Have $22B fueled the kick-off of the $3T-sector transformation, or just lipstick on a pig?

1475 insurtech companies divided into 14 categories with over $22B in funding to date according to Venture Scanner. This is the situation at the end of Q1 2018 with $976M being raised since the beginning of the year to date (as of May 21st).

With the help of Venture Scanner, InsurTechNews is able to offer you a quarterly update on the state of the InsurTech sector. The purpose is to capture changes as they happen regarding startups and the types and amount of funding that they receive.


Source: Venture Scanner, data cumulative through March 2018

Overall insurance technology funding grew at a CAGR of 33% from 2012-2017.

We perceive from the discussion with our influencers that there is a need to fix a sector that is broken and at the same time ripe for disruption, maybe by the tech giants’ entrance as debated at the beginning of the year:

·         Are GAFA and BAT sinking their teeth into the juicy insurance industry?

·         Will these big tech players be enablers, distributors, insurance carriers or insurtechs?

·         Why will Amazon and its peers disrupt the insurance sector?

This raises the question if the money invested in insurtech startups has generated any concrete impact as of today.

To be honest there are also though leaders who are more positive about the current state of the sector. Take Matteo Carbone – founder of the IoT Insurance Observatory and co-founder of Archiemde Spac – who has started a recent speech with reminding all insurers in the room that they have done a pretty good job in protecting the life of their policyholder.


Source: Venture Scanner, data cumulative through March 2018

The funding in Q1 2018 is 53% higher than the average funding of all Q1s from 2011-2017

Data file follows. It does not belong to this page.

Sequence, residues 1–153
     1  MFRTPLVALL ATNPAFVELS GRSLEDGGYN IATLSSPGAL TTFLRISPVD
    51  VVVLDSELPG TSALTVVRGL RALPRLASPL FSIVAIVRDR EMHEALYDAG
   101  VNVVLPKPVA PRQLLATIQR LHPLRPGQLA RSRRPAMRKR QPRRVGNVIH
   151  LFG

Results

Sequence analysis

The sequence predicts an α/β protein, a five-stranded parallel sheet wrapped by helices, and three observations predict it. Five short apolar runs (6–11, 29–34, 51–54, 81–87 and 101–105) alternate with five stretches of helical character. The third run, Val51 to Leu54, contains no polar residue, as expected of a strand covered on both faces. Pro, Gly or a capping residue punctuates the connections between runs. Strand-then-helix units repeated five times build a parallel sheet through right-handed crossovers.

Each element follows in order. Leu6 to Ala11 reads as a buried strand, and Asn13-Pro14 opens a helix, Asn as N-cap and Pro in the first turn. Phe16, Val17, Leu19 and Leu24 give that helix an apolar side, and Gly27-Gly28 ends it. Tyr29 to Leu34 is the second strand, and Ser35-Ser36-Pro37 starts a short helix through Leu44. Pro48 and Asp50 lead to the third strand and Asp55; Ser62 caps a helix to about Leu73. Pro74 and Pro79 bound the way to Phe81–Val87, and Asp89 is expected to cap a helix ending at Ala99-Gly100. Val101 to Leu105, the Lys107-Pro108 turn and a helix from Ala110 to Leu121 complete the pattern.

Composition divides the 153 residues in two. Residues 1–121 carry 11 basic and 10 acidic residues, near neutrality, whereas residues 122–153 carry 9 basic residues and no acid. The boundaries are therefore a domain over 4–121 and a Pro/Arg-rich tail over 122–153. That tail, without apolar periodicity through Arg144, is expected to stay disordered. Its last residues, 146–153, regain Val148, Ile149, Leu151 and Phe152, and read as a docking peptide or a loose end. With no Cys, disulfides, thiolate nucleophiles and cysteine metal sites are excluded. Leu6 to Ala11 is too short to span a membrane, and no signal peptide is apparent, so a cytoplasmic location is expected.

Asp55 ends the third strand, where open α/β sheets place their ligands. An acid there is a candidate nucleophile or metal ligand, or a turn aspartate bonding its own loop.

According to updated Venture Scanner data it seems that 2016 and 2017 were almost a match when it came to investing, that is $2,73 B raised in 2016 versus $2,81 B raised in 2017.


Source: Venture Scanner, data cumulative through March 2018

Insurance technology exit events saw strong growth in recent years: exits grew at a CAGR of 47% from 2012-2017, and the number of exits in Q1 2018 is 60% of that in Q1 2017.


Source: Venture Scanner, data cumulative through March 2018

Insurance technology funding events were dominated by early stage rounds in Q1 2018 with 30 funding events in Q1 2018, 73% of which were Seed or Series A.


Source: Venture Scanner

Insurance technology startups raised $597M in Q1 2018, with Health Insurance companies raising the most funding at $280M.


Source: Venture Scanner

The top 5 insurtech events raised $396M in Q1 of 2018, accounting for 55% of quarterly funding.

Oscar, the health insurance start-up founded in 2013 has raised $892.5M to date with $165M in the latest Venture-type round on March 27th led by Founders Fund. The round also saw participation from two branches of Google's parent company Alphabet: the Capital G growth investment arm, and the Verily life sciences segment.

Also founded in 2013, Collective Health has raised $110M on February 28th in a series D round led by New Enterprise Associates, bring the total amount raised to date to $229M. The founders aimed at cutting out health insurance and replacing it with a pick and choose approach for employers that decide what they want to cover for their employees. According to TechCrunch the company currently caters to the health needs of over 120,000 individuals and the new funding will be used to “accelerate development” of the platform plus growing the customer base further.